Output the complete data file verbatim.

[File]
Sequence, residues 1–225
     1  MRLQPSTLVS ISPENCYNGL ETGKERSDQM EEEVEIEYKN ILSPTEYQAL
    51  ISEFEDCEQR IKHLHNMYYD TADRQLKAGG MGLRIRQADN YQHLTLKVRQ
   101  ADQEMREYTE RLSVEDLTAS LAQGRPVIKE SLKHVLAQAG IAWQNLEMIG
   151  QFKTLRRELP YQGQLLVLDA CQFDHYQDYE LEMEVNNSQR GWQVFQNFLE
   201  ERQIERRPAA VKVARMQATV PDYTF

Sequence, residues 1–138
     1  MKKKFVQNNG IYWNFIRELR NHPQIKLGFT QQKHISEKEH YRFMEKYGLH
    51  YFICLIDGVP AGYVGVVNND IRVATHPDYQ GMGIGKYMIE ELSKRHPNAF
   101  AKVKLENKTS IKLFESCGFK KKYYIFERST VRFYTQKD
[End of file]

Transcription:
Sequence, residues 1–225
     1  MRLQPSTLVS ISPENCYNGL ETGKERSDQM EEEVEIEYKN ILSPTEYQAL
    51  ISEFEDCEQR IKHLHNMYYD TADRQLKAGG MGLRIRQADN YQHLTLKVRQ
   101  ADQEMREYTE RLSVEDLTAS LAQGRPVIKE SLKHVLAQAG IAWQNLEMIG
   151  QFKTLRRELP YQGQLLVLDA CQFDHYQDYE LEMEVNNSQR GWQVFQNFLE
   201  ERQIERRPAA VKVARMQATV PDYTF

Sequence, residues 1–138
     1  MKKKFVQNNG IYWNFIRELR NHPQIKLGFT QQKHISEKEH YRFMEKYGLH
    51  YFICLIDGVP AGYVGVVNND IRVATHPDYQ GMGIGKYMIE ELSKRHPNAF
   101  AKVKLENKTS IKLFESCGFK KKYYIFERST VRFYTQKD